A Theological Concern for Scott Walker

Recently, Scott Walker was at the Iowa Faith & Freedom Coallition event before 1,000 people. While there, he read from Jesus Calling. Here’s an excerpt from Religion News Services on the event:

When Republican presidential hopeful Scott Walker spoke last Saturday (April 25) to an influential gathering of Christian conservatives in an Iowa church, he brought along a little reading material.

Standing before more than 1,000 people at the Iowa Faith & Freedom Coalition, the Wisconsin governor used part of his time to read from “Jesus Calling: Enjoying Peace in His Presence,” a Christian devotional written in the first-person voice of Jesus by missionary-turned-author Sarah Young.

This bothers me. Why? Well, I’ll tell you.

Here’s a line right from the article I just linked about the book – it is a “…devotional written in the first-person voice of Jesus by missionary-turned-author Sarah Young.” Yes, read that again. Sarah Young wrote a book claiming it was directly from the mouth of Jesus. She is claiming she is exposing new revelations of Christ. She is claiming to speak on behalf of Jesus or that Jesus is speaking through her. This is un-Biblical, wrong, and dangerous theology.

Why un-Biblical? I’ll let Tim Challies say it better than me:

“…the primary concern relates to Young’s method and her claim that she speaks for Jesus. Many concerned Christians have pointed out that the Bible gives us no clear indicator that we can claim Jesus will speak through us (apart from the Bible) and that Jesus’ agency behind her words is unverifiable. Young implies that though the Bible is inerrant and infallible, it is insufficient. After all, it was not reading Scripture that proved her most important spiritual discipline, but this listening, this receiving of unmediated messages from the Lord. Thus the heart of the book is not the Bible, but these extra-biblical messages from Jesus. Some have pointed out with suspicion that the Jesus of Jesus Calling does not speak in the voice of the Jesus of the Bible, but in the voice of a middle-aged woman.”

The messages are claimed to be from Christ, but are coming from the voice of someone other than Christ. We already received his message and as it was noted in the word, it’s complete – we’re not supposed to add to it (Revelation 22:18-19). This is adding to it, this is un-Biblical.

Why wrong? The message is incorrect and shallow. Michael Horton said, of the book,

“[The message of the book is t]rust me more in daily dependence and you’ll enjoy my presence…Compared with the Psalms, for example, Jesus Calling is remarkably shallow…The Psalms first place before us the mighty acts of God and then call us to respond in confession, trust, and thankfulness. But in Jesus Calling I’m repeatedly exhorted to look to Christ, rest in Christ, trust in Christ, to be thankful and long for a deeper sense of his presence, with little that might provoke any of this. Which means that I’m directed not actually to Christ but to my own inner struggle to be more trustful, restful, and thankful.”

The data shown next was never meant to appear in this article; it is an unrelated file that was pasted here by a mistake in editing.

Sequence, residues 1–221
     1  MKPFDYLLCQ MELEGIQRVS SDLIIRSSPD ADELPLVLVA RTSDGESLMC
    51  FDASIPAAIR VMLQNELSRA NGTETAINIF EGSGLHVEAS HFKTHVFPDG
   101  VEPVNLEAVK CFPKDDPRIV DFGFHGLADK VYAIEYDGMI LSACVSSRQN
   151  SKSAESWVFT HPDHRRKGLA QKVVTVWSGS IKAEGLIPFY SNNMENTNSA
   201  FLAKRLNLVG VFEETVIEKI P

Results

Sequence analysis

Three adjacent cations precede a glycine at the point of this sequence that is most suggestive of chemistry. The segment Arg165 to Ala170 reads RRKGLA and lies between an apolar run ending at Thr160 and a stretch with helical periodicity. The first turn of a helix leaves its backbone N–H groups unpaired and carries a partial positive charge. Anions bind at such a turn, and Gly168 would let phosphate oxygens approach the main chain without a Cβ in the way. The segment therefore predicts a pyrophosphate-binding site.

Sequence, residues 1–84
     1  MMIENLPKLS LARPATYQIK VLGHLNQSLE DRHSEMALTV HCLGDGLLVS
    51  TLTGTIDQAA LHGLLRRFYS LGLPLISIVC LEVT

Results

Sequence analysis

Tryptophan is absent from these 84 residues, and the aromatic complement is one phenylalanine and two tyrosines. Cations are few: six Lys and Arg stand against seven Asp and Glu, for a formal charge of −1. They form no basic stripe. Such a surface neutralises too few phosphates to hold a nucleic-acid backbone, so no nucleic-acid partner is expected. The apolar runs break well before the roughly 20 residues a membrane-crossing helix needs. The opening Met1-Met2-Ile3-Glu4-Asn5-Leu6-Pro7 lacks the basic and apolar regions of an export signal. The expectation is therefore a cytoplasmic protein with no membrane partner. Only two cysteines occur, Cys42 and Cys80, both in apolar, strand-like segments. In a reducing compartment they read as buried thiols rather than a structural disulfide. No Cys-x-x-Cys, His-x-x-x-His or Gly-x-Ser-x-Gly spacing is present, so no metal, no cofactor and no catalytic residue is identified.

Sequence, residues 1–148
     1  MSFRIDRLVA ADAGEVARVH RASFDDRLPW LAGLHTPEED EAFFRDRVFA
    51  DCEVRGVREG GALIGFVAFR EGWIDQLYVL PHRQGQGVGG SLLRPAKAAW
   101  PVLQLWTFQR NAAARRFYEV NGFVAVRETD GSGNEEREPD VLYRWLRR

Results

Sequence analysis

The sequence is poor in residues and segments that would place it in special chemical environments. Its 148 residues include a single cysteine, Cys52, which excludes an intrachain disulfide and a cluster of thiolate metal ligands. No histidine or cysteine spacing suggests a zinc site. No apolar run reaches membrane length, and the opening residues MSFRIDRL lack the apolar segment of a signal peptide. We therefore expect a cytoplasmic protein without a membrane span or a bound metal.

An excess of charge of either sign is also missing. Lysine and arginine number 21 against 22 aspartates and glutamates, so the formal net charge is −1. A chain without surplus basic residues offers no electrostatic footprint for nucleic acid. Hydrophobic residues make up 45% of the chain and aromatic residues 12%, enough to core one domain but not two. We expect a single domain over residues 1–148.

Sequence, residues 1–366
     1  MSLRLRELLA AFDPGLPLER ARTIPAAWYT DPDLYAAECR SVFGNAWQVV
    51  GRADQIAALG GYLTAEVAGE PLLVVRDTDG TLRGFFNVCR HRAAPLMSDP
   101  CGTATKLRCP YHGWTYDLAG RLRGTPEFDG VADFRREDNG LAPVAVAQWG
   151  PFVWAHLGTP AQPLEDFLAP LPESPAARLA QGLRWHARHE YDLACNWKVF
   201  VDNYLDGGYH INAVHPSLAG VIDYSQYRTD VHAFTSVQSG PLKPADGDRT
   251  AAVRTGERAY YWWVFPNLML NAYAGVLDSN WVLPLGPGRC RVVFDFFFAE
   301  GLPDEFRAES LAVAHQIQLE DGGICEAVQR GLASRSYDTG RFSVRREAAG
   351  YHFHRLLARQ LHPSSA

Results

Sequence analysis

Why is it dangerous? It sets the precedent that extra Biblical revelation is more important than the word of God. It sets the stage to believe that there are extra Biblical messages still coming from Christ which are more important than the Word or more worthy of your time. It’s wrong, it’s dangerous, and it’s un-Biblical.

I’m disappointed in Scott Walker, as one who claims Christ and claims to be an Evangelical Christian, but I am not super surprised. A lot of Christians have fallen into this trap of this and many other “self-help Christian books” of modern Christianity. But, if it’s not pointing to the cross, pointing us to rely on the majesty of the Lord, pointing us to act/repent, pointing us to trust Christ as Lord – it’s wrong. This is a theological problem I have with Scott Walker.

Does it mean I wouldn’t vote for him? No, it just means I don’t agree with his theology or the books he choses to read. I voted for a Mormon for President in 2012 and I have far more theological differences with their beliefs. I pray Governor Walker realizes the error and seeks the word, not a false prophets words claiming to come from Christ.

About the Author

Matthew Newman
Matthew Newman is an environmental engineer (Professionally licensed in Maryland). He’s also a husband, beard aficionado, Dad of four beautiful children, blogger, and all around geeky guy from Baltimore County. When he’s not chasing his kids or working, he’s probably asleep.

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